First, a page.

Keith and his perfect horse
Regan and her perfect pony

Four perfect horses with five riders

The perfect size horse

Not so perfect- has a fit doing his ears

Perfect mare- would do anything you asked of her

Not perfect- but I loved him anyway

working on being perfect- but for whom?

TC- He looks perfect here

And he looks perfect here

see his little crooked smile? Not perfect, but cute!

Krissy's perfect horse

I'll make up a list and post it here.


Lisa said...

When I was looking for a new horse (with the aim to event)I typed up a list of qualities that were important to me. I then ranked them in order of importance and then for each horse I looked at I have them a score out of 10 for that quality.

My qualities (in order) were:

Soundness, health, temperament (incl. personality and quietness), comparability with me, talent, height, conformation, good bare feet, jumping ability, prettiness (I know), education, breeding.

Then I picked the horse with the highest score overall, keeping in mind the scores on my top 5. The lowest she scored was 7 for education.

So that was my over cautious way of finding the perfect horse!

Mikey said...

Hmmm, I'm about to put a horse up for sale too. Today in fact. I'm just overwhelmed with too much to do, back pain and all that. The horse deserves to go do something. Doesn't get ridden enough here.
I think my line in the sand would be a real bucker, or anything that flips over. At my age, and the way my body feels, I don't want to ride anything like that. I'm slowing WAY down.

Maia said...

Disposition, conformation, and intelligence is what I look for. I've ended up with two excellent horses, three if you count Jolie.

A little flash doesn't hurt either.

Maia said...

Are what I look for. Really I can speak and write English correctly, I promise I can.

C-ingspots said...

I agree that there are no perfect horses, no perfect people either for that matter. Not that I look for all that many horses mind you, but...a sensible mind is my number one, personality is pretty high on my list, and if the horse clicks with me. I want a horse with a lot of heart or try too, education isn't all that important because I can change that...but the heart has to be there to begin with. After that, I guess would be soundness and overall health, good bone and feet, no buck is always good and a horse that isn't inclined to be too spooky. I know all horses can and will spook from time to time, but a horse with some courage is important to me...maybe that goes back to having heart. Looks are not that important to me, neither are papers or the lack thereof, or breeding. I see horses as individuals. Can't wait to see your list.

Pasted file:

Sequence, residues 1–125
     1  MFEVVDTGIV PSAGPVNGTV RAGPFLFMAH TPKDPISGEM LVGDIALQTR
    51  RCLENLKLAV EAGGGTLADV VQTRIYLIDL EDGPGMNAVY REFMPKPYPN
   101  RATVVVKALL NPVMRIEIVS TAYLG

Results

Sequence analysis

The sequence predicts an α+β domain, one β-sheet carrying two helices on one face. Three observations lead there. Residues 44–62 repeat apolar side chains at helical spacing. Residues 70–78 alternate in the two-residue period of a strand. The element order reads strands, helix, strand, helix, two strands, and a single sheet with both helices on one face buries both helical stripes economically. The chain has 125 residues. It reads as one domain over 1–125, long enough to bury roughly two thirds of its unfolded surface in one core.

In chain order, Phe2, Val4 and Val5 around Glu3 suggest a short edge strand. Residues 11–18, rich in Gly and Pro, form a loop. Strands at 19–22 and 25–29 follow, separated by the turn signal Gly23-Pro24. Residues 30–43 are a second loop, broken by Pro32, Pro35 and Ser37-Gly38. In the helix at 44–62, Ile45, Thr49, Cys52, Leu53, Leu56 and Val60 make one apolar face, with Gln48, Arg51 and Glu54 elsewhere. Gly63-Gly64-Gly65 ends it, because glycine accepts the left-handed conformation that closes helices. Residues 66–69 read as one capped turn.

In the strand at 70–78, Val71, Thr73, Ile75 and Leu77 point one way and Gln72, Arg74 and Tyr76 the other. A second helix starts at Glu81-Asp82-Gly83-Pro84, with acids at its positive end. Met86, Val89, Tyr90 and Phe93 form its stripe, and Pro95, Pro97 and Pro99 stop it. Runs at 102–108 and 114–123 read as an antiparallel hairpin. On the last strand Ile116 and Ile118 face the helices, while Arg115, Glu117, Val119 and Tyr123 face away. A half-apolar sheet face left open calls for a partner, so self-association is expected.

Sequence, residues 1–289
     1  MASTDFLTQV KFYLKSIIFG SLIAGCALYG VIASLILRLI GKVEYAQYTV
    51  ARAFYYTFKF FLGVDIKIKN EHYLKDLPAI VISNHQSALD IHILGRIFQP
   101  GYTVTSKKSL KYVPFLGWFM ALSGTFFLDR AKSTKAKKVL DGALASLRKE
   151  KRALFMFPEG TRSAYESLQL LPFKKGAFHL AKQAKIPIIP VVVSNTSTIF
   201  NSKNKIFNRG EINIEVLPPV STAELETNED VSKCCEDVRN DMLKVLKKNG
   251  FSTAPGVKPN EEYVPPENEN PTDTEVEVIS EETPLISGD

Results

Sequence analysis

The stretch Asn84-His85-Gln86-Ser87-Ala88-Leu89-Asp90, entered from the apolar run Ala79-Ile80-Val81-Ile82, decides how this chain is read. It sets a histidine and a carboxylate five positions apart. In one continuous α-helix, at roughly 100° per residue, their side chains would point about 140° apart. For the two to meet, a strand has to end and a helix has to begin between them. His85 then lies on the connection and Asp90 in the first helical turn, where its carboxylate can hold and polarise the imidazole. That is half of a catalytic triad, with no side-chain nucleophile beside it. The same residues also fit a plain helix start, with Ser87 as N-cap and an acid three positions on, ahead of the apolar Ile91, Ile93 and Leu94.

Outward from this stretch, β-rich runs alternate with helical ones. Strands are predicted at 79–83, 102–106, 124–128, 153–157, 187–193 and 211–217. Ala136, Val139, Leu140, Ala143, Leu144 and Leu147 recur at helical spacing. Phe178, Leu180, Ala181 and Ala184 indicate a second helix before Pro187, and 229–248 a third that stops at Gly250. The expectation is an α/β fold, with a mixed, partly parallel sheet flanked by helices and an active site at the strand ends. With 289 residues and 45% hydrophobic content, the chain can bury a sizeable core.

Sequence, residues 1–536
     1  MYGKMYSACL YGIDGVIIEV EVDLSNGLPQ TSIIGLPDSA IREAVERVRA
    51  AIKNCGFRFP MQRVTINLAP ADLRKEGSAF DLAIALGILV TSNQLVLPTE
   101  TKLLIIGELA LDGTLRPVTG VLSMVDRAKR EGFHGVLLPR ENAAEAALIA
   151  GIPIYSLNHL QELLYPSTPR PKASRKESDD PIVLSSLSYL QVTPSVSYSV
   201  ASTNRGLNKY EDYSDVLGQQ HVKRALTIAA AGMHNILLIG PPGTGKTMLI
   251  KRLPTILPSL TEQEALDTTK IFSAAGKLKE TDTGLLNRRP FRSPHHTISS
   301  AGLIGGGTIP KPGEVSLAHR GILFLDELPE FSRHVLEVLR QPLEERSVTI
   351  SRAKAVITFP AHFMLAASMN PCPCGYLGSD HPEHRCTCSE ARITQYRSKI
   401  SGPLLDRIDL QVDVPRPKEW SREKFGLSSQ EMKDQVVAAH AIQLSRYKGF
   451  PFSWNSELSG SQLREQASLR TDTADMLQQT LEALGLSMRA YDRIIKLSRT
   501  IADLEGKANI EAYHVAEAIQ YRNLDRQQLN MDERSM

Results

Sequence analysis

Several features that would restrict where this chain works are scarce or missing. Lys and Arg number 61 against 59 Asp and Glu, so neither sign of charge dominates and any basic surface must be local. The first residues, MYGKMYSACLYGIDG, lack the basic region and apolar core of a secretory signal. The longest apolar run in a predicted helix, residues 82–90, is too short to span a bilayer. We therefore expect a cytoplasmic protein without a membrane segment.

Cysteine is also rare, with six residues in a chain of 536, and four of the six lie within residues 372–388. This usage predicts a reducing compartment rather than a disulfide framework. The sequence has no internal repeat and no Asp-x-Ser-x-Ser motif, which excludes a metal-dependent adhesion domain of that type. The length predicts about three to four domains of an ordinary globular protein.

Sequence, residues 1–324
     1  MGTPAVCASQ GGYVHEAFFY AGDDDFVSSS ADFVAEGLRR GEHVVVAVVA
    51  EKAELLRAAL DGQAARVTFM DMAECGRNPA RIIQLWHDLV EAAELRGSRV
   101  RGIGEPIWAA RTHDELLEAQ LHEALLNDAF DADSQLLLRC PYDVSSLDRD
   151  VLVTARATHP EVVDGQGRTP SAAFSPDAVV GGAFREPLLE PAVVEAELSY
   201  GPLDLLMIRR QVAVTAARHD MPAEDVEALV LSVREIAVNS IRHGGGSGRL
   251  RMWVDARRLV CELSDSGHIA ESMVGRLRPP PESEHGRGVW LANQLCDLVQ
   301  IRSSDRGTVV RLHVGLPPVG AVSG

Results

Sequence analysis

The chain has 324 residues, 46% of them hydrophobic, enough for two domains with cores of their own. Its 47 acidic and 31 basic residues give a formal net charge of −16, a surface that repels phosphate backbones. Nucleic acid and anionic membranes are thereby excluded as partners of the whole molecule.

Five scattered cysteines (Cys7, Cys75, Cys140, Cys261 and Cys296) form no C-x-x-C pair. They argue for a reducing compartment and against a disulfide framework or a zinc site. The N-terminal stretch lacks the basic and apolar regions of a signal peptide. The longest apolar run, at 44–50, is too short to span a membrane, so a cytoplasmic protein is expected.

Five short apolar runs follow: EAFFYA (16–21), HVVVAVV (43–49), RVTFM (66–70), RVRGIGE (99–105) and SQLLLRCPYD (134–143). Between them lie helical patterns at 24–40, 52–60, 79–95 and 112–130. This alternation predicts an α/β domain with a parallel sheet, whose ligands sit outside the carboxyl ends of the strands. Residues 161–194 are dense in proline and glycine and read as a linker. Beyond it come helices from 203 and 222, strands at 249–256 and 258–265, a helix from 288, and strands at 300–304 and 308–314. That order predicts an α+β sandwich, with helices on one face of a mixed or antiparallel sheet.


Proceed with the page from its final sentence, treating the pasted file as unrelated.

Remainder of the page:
Shirley said...

Conformation to suit what I want him to do, and disposition are the two biggest. After that, I look at overall eye appeal.
When I say disposition, I want a horse that has a willing attitude, is curious and intelligent, and doesn't buck or kick. Sure both of those traits can be trained out of them, but I prefer horses who aren't inclined that way to start with. I guess that's why I prefer to raise my own horses, only trouble is, they always seem to end up being sold before I get to do much more than start them. I hope I get to ride Rio before someone else just has to have him!

sunihali said...

OMG! Now that was a surprise! XOX